Cultural, regulatory, environmental, political and economic (CREPE) conditions over the past decade are creating cross-industry solution spaces that require processes and technologies from both the Internet of Things (IoT), and Data Management and Analytics (DMA). These solution spaces are evolving into Sensor Analytics Ecosystems (SAE) that represent significant new opportunities for organizations of all types. Public Utilities throughout the world, providing electricity, natural gas and water, are pursuing SmartGrid initiatives that represent one of the more mature examples of SAE. We have s...
There is no doubt that Big Data is here and getting bigger every day. Building a Big Data infrastructure today is no easy task. There are an enormous number of choices for database engines and technologies. To make things even more challenging, requirements are getting more sophisticated, and the standard paradigm of supporting historical analytics queries is often just one facet of what is needed. As Big Data growth continues, organizations are demanding real-time access to data, allowing immediate and actionable interpretation of events as they happen. Another aspect concerns how to deliver ...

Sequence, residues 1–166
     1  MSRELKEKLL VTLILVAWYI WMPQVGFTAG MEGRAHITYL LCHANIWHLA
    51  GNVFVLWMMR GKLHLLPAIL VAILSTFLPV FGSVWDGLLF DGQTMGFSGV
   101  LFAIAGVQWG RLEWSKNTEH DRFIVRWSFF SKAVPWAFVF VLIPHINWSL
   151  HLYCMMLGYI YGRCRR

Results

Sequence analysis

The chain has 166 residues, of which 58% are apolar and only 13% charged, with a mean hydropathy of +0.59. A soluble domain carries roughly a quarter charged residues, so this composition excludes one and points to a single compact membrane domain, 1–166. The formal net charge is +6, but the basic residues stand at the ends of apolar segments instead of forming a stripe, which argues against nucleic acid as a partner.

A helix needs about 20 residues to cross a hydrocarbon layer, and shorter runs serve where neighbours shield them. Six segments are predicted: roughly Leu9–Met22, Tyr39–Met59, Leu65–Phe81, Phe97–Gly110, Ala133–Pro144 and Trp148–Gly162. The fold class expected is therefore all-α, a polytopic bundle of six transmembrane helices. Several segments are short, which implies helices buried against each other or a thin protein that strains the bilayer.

Scott Jenson leads a project called The Physical Web within the Chrome team at Google. Project members are working to take the scalability and openness of the web and use it to talk to the exponentially exploding range of smart devices. Nearly every company today working on the IoT comes up with the same basic solution: use my server and you'll be fine. But if we really believe there will be trillions of these devices, that just can't scale. We need a system that is open a scalable and by using the URL as a basic building block, we open this up and get the same resilience that the web enjoys.
The Internet of Things will greatly expand the opportunities for data collection and new business models driven off of that data. In her session at @ThingsExpo, Esmeralda Swartz, CMO of MetraTech, discussed how for this to be effective you not only need to have infrastructure and operational models capable of utilizing this new phenomenon, but increasingly service providers will need to convince a skeptical public to participate. Get ready to show them the money!